Petco has closed its location at 860 Broadway (at 17th Street), which had been there since 1996 and opened a new flagship at 44 Union Square East (at 17th Street). Those of us who were used to shopping at the old store will not recognize the new spot — it is shiny and fancy, and many of the products, such as pet apparel, appear more high-end. More details on the building can be found in the April 2022 Village Sun article “Petco to relocate to Tammany Hall building on Union Square East, open new pet hospital.” Set Active (365 Bleecker St., near Charles Street) sells activewear and sweats. Way Forward (330 Bleecker St., near Christopher Street) is “a genderless premium quality, casual wear brand” that sells lots of T-shirts and hoodies. The shop emphasizes its artistic side with the tag line: “We are not a Gallery, but we do make Art.”


El Condor – (95 Greenwich Ave., between Bank and W. 12th Streets) has suddenly disappeared. The stylish coffee shop opened a little more than a year ago. Nicolas Simon, one of the owners, had a fine dining pedigree and worked for Alain Ducasse here and in Paris. The cafe had elegant decor, with lots of attention to detail. Coffee was roasted in the basement using an electric roaster. El Condor seemed to be doing a lively business and it will be missed. A cannabis dispensary on Seventh Avenue between 12th and 13th Streets, next door to Blank Street Coffee is a casualty of Governor Hochul’s pledge to crack down on illegal pot shops. An official looking sign on the door reads: “This establishment has been closed for operating illegally”. A few days ago, on the Web site, Hochul gave the following update: “Under new powers that I fought for in this year’s State budget, we can now conduct enforcement against businesses illegally selling cannabis.” Serafina to Go at 402 Sixth Ave. (at W. Eighth Street) had a sign in the window saying it was temporarily closed. That location is no longer listed on the Web site, and now a new sign in the window announces that Pizzeria Farinella (which is part of the Serafina group) is coming soon. There are still plans for a Serafina To Go to open at 110 University Place (between 12th and 13th Streets).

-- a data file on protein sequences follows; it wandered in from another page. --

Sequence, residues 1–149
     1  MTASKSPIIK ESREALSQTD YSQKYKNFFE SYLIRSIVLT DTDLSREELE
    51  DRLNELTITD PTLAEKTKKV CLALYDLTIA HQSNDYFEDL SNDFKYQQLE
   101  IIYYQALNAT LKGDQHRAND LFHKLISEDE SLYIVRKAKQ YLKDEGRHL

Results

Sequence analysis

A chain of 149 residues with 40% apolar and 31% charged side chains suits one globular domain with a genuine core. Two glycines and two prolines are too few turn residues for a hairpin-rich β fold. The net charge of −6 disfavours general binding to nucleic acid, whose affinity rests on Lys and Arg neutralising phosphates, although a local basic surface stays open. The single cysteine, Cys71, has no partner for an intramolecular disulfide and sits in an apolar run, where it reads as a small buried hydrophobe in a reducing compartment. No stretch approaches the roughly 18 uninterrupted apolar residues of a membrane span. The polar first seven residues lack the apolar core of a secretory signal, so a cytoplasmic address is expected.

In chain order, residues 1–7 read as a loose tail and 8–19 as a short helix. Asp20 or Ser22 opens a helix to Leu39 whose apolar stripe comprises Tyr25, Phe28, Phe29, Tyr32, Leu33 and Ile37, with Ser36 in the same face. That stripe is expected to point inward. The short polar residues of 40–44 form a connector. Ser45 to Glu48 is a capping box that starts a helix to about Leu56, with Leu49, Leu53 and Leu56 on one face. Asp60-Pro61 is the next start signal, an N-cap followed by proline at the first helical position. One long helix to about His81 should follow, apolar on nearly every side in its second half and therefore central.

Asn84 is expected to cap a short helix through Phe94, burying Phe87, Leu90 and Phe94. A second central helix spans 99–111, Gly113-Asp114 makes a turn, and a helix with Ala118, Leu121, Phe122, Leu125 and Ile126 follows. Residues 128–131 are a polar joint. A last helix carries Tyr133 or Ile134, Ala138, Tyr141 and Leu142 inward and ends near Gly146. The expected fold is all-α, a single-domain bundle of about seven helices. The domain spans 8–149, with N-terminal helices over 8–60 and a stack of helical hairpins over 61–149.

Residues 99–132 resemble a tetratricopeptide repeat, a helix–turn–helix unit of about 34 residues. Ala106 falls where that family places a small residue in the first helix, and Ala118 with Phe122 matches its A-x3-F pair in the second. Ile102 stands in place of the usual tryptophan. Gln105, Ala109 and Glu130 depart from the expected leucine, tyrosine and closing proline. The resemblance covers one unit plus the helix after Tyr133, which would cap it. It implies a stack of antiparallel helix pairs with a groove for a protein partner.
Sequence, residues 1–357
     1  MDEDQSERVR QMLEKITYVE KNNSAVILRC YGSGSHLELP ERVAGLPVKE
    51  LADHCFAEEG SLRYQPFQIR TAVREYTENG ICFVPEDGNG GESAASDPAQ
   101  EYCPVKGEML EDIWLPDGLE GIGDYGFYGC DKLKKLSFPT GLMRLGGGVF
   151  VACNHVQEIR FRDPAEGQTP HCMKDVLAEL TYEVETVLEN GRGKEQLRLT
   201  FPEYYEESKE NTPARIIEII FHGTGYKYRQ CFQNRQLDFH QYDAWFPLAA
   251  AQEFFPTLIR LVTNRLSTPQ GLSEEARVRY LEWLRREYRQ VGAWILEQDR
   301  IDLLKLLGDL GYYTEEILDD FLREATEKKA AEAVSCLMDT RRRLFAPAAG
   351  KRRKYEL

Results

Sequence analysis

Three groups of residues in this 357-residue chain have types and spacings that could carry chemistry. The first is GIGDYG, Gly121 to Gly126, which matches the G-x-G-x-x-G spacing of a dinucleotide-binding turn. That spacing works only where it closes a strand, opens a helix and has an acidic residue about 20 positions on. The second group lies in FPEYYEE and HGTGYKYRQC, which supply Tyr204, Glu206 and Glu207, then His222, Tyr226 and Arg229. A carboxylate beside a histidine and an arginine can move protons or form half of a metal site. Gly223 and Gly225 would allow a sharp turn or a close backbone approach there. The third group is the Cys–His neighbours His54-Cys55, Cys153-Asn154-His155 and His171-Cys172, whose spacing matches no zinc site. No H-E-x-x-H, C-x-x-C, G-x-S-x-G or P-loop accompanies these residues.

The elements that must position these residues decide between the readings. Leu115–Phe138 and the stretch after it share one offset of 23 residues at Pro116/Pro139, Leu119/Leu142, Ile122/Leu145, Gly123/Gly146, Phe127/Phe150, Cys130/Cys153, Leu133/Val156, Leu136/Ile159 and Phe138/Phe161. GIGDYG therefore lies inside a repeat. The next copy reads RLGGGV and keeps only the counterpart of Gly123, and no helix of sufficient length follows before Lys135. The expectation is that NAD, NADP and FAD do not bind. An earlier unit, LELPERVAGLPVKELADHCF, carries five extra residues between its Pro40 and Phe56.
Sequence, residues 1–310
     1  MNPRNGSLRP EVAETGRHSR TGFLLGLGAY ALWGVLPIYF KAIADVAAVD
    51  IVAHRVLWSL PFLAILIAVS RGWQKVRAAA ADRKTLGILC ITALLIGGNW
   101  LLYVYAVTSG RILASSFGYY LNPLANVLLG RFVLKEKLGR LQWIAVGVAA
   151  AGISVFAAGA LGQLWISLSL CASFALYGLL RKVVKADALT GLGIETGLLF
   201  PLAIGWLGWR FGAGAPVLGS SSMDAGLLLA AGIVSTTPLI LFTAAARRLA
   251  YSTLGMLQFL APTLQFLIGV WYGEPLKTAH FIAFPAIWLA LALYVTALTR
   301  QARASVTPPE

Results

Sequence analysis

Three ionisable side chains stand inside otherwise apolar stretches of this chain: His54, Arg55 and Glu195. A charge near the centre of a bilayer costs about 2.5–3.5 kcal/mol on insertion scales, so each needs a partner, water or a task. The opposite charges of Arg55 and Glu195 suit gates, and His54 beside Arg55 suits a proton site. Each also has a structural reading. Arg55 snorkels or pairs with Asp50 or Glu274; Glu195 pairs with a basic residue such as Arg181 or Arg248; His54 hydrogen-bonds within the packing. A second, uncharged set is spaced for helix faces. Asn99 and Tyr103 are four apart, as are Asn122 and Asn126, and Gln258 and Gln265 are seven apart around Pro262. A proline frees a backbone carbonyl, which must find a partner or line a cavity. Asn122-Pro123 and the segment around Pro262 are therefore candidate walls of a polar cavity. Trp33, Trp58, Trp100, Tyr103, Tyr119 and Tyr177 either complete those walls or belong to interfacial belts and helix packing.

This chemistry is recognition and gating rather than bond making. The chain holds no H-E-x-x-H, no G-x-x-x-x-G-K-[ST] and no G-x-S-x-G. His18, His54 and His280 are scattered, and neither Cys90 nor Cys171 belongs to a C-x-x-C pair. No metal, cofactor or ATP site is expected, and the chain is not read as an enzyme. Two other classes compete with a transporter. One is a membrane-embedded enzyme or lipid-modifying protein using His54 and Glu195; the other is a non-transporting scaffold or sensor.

Coming Soon:

The large space that used to house Sammy’s Noodle Shop and a small Asian gift shop (453 Sixth Ave., between 10th and 11th Streets) has been empty since May 2020. Last October, the owners of Osteria 57 and Alice submitted a liquor license application to Community Board 2 for the space. They described the project as a “multi concept store that will include different functionalities… The store will operate during the day as a café (serving breakfast and lunch) and then evolve as a wine bar/gourmet pizzeria during the evening hours and weekends.” The first phase of this venture will be Pamina Dolci e Gelato and is slated to open on July 15. For more details see Karen Rempel’s article in The Village Sun “Gelato place Pamina is first course of new fare at former Sammy’s Noodles Space.” According to its Instagram, Cecchi’s will be opening on July 1 in the old Café Loup space (105 W. 13th St., between Sixth and Seventh Avenues). It’s named after the owner, Michael Cecchi-Azzolina, and is described as “A modern take on the classic New York bar & grill.” Talea Beer Company West Village (100 Christopher St., between Bleecker and Bedford Streets) is coming to the space where Rag & Bone used to be. The sign on the windows says, “Female Founded, Totally Different, Easy to Love.” Signage is up for Sushi Counter at 119 Christopher St. (east of Bedford Street). Mama’s Too, one of the two well-regarded pizza spots coming to the West Village should be opening this summer on Christopher Street between Bleecker and Grove Streets. I finally made it to the Uptown location and was a bit underwhelmed, but I am still looking forward to trying this one out. Nisolo (380 Bleecker St., between Perry and Charles Streets) is a shoe store with three other locations on the East Coast. Like many Bleecker Street businesses, it stresses sustainability.


According to Yimby NYC, the two structures at 18 and 20 Christopher Street (between Gay Street and Waverly Place) have been issued an order to vacate by the Department of Buildings because “the floor is not safe.” As a result, Delice and Sarrasin, a vegan crêpe spot, has relocated from 20 Christopher St. to 178 W. Houston St. (entrance on Bedford Street), while John Derian West, a home-goods store, has for now abandoned its 18 Christopher St. location, and encourages customers to patronize its flagship at 6 E. Second St. (between Second Avenue and the Bowery).